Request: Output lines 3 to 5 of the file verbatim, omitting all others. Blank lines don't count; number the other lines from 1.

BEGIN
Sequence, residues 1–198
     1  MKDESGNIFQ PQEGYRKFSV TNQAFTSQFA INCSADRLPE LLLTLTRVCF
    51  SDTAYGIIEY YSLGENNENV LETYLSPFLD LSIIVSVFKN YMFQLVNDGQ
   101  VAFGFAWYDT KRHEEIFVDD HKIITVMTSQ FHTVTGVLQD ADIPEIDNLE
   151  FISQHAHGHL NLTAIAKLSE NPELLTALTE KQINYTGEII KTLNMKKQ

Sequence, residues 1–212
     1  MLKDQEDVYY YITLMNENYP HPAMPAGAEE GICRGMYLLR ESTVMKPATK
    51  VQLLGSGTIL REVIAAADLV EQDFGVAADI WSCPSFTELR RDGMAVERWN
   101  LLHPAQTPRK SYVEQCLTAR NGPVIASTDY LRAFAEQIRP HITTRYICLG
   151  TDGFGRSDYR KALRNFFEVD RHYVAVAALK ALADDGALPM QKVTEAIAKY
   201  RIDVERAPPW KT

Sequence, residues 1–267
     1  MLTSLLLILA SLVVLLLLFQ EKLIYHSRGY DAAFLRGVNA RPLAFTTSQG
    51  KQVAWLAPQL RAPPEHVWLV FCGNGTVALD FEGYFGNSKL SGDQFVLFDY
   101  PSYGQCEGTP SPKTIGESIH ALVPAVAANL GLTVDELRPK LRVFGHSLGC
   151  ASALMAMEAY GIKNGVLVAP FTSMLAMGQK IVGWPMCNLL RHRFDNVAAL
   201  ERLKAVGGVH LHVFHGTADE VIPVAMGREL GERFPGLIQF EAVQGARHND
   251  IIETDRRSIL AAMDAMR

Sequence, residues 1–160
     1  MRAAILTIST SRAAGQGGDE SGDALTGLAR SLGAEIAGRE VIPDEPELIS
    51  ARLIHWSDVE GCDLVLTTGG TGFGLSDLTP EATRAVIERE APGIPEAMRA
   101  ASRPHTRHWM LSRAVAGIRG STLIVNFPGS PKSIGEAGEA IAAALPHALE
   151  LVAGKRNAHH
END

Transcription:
    51  SDTAYGIIEY YSLGENNENV LETYLSPFLD LSIIVSVFKN YMFQLVNDGQ
   101  VAFGFAWYDT KRHEEIFVDD HKIITVMTSQ FHTVTGVLQD ADIPEIDNLE
   151  FISQHAHGHL NLTAIAKLSE NPELLTALTE KQINYTGEII KTLNMKKQ